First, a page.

Just like every season, a new hot topic has popped up so analysts can talk about the same subject every week. Last year it was head checks, this year it’s fighting in hockey.
Now head checks are a major issue that have to be dealt with. Many players have lost their careers due to severe head injuries (Marc Savard, Eric Lindros to name a few) and many others have had to deal with the symptoms since they were treated improperly for years. The NHL has since cracked down on the issue. Rule 48 is pretty much highlighted and underlined in every rulebook owned by a NHL executive, hefty suspensions are dealt to repeat offenders and awareness has been spread throughout all levels of hockey.
Now fighting is a different story. Fighting is part of the game, it always has been. Jobs are made in the NHL just for that part of the game. What happened to George Perros made me cringe. It was definitely painful to watch someone’s face hit the ice that hard. I have the utmost respect for every tough guy in the league; the enforcer is a tough role to fill in pro hockey. But it happens. Fighters don’t go into a game thinking, “Oh I hope I don’t get hurt this game.” They know their role and they will do whatever it takes to fill it.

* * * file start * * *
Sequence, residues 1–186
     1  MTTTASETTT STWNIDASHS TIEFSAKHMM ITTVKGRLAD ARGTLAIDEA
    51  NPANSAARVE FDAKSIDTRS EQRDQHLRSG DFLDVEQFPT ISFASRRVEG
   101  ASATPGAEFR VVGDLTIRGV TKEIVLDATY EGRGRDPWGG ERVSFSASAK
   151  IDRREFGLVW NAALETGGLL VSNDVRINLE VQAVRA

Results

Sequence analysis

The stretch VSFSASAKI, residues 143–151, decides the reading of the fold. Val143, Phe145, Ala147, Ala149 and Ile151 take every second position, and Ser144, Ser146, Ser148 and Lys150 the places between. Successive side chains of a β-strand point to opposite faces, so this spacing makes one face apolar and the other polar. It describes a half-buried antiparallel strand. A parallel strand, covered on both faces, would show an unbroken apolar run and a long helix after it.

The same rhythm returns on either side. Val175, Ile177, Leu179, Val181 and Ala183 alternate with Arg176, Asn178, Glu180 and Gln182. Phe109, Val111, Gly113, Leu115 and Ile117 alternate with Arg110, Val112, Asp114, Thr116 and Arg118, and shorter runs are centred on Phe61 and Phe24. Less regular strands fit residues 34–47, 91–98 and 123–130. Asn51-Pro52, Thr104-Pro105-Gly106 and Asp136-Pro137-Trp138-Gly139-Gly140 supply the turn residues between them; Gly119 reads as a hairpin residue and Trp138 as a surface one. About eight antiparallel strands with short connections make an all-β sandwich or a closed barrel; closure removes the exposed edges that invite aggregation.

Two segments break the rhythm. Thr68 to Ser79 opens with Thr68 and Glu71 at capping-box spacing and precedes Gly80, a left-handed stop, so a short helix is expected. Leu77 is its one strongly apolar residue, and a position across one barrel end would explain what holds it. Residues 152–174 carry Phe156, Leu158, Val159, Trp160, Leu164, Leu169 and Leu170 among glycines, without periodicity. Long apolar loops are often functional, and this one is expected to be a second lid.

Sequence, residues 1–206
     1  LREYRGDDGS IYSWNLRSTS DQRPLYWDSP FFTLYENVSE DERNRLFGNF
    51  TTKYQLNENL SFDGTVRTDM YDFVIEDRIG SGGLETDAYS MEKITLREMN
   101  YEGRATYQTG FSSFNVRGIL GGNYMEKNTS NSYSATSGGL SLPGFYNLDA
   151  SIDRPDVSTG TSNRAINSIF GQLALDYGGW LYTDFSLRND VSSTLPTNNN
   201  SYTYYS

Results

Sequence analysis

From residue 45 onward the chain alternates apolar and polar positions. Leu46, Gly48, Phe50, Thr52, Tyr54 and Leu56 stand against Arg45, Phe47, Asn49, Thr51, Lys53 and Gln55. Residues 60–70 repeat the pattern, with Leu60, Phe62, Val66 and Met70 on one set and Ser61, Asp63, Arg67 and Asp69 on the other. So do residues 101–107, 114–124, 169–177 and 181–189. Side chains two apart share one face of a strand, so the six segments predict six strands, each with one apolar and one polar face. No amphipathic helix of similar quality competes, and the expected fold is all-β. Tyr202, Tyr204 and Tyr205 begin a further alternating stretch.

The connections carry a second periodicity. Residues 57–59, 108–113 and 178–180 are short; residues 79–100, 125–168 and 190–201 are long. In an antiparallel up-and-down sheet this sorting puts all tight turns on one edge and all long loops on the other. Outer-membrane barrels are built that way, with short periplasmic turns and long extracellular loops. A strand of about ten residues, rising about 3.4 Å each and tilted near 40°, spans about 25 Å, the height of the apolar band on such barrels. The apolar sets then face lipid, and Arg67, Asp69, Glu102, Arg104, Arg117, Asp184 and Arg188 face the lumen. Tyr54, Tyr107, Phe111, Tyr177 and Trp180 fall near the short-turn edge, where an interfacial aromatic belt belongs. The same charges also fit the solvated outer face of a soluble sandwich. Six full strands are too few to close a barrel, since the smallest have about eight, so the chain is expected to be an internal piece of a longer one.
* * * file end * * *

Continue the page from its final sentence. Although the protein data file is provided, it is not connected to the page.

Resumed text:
The NHL recently did a survey asking general managers if fighting should be killed off. Many said no, but some said yes, including Steve Yzerman. You have to think though, boiling it down, the NHL is a business. A player is an investment, the team invests their money into a player so that they can generate revenue. If a player has a season ending injury, that team’s investment is now worthless. See where I’m getting at? Any way to reduce injury secures a team’s investment, whether it is Alex Ovechkin or George Perros.
If you asked hockey fans if the NHL should eliminate fighting, I would bet money that a vast majority would say no. It is an essential part of the game and it’s more than entertainment for the fans. It keeps some players in check. Imagine if Matt Cooke or Brad Marchand had the ability to poke, beak and lay questionable hits on anyone they wanted. Imagine if a player could take a run at the opponent’s top player without having to worry about some retaliating. Games would get out of hand really quick.
Some teams have also build their roster around tough and mean players (Toronto and Boston). Heck, the whole Atlantic division, save for Detroit, is full of tough guys. Which playoff series’ are the most fun to watch? The L.A. Kings 2-1 wins where they trap the whole game, or a Sens-Habs series where games are 4-3 with multiple fights and high levels of emotion? Fighting is to hockey as a home run is to baseball.
What are your opinions? Do you think fighting is an essential part of the game, or should it be toned down or eliminated altogether? Let me know by commenting below or tweet me @JeffJaisman
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